You are also responsible for environmental stewardship. Having mentioned eco-design as a key area for innovation, could you explain how Tarkett became a reference in the circular economy?
When I worked on the issue of product end-of-life at DBA (DIM Brand Apparel), I was lucky to be in contact with Michael Braungart, founder of the Environmental Protection Encouragement Agency (EPEA) and creator of the Cradle to Cradle® concept.
Upon joining Tarkett, I thought it would be interesting to arrange a meeting between Michel Giannuzzi and Michael Braungart. Michel was immediately convinced by the rationale behind M. Braungart’s recommended approach - to the extent that eco-design has now become one of the main pillars of our innovation strategy.
When working on the design and manufacture of our products, we take great care in the choice of materials and in the responsible use of resources during our industrial operations, but we also pay close attention to how our products are used – indoor air quality, ease of installation and cleaning – and to their compliance with our “closed loop circular design” model, which ensures that our products can be recycled at end of use.
Our target for 2020 is to conduct a Cradle to Cradle® assessment on 100% of the materials used.
Our target for 2020 is to conduct a Cradle to Cradle® assessment on 100% of the materials used. Incidentally, we already have EPEA reports for over 80% of our raw materials.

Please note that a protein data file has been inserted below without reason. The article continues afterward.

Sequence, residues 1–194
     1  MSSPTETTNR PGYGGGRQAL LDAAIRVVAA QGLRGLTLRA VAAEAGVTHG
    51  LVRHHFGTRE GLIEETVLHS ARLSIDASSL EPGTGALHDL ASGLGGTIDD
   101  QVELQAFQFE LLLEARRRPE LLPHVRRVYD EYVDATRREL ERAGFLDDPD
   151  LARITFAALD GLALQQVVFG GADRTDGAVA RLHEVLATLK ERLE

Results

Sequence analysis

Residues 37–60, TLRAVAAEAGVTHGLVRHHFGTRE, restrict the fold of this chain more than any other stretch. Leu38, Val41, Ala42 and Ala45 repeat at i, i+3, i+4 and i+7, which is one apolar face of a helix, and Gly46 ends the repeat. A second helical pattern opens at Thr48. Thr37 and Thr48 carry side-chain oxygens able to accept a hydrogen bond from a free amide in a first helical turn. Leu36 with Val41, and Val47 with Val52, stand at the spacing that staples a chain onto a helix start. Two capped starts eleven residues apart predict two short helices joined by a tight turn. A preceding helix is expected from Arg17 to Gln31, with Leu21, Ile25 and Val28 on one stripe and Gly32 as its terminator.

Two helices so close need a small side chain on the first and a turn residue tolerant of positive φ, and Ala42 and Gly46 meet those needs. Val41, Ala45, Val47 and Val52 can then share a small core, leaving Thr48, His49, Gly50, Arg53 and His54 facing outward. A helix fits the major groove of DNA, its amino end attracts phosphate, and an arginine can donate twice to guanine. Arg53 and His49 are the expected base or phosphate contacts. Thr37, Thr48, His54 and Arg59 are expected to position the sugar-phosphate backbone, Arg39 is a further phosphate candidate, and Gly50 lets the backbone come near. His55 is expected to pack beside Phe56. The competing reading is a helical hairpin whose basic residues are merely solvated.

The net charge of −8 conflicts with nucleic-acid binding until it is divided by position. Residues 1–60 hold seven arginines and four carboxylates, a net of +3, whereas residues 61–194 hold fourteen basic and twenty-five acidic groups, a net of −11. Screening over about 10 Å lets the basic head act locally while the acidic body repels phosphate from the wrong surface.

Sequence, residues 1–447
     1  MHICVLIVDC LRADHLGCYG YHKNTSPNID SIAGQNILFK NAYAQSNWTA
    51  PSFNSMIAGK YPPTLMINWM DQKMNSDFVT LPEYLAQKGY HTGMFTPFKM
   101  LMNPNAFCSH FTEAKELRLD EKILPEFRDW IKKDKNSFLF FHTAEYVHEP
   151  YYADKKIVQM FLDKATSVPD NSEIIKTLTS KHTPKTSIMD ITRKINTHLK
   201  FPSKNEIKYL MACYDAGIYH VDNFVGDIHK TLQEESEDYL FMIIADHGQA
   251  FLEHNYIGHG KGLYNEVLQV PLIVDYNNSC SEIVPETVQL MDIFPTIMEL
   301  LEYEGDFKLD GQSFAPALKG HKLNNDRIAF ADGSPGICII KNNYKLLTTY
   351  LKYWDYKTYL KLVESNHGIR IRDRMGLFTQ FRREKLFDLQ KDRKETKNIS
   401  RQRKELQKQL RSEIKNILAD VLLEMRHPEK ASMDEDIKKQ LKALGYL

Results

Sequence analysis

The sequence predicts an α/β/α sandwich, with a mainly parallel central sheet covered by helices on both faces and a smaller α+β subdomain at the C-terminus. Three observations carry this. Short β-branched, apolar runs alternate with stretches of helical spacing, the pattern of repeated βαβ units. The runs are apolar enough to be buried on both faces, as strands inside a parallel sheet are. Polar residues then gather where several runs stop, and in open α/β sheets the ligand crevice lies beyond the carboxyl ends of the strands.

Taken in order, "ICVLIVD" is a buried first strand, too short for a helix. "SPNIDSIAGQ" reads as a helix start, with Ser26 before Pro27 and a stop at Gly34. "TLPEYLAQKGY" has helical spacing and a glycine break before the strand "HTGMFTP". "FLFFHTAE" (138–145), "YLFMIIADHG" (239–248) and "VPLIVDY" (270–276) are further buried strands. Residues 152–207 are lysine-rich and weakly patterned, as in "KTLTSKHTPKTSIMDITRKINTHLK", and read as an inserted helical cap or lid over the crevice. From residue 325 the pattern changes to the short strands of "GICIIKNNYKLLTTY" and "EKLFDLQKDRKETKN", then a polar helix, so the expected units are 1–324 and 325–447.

These reports do not necessarily mean that our all products are virtuous from an environmental point of view.
However they do help us better understand the composition of our products so that we can work on improving
them with materials that are better for the environment and for our health.
Environmental stewardship is a major challenge. Michel Giannuzzi is prepared to allocate the necessary resources and even accept longer returns on investment in order to address issues that are considered to be key.
In the recent past, when all eyes were on carbon footprints, Tarkett always took a holistic view of sustainable
development - one which also considers the resources that are used and the impact on our health.
In this respect, Tarkett has made a strong commitment with the development of phthalate-free flooring…
Yes we are also very sensitive to issues of public health. Actually it would be hugely irresponsible for a company such as ours not to. Our products are for the main part used indoors, and consequently, they have a key role to play in air quality.
We have therefore made two major commitments. First we have multiplied efforts to develop products with very low volatile organic compound emissions. Our products’ VOC emissions are 10 to 100 times lower that the strictest standards worldwide.
Second, in 2013, we committed to deploying our phthalate-free plasticizers across our range of vinyl flooring. As early as 2009, we had launched a first range using phthalate-free plasticizers. We do not hesitate to redesign our products and find alternatives prior to the enforcement of new regulations, and thereby meet consumers’ new requirements.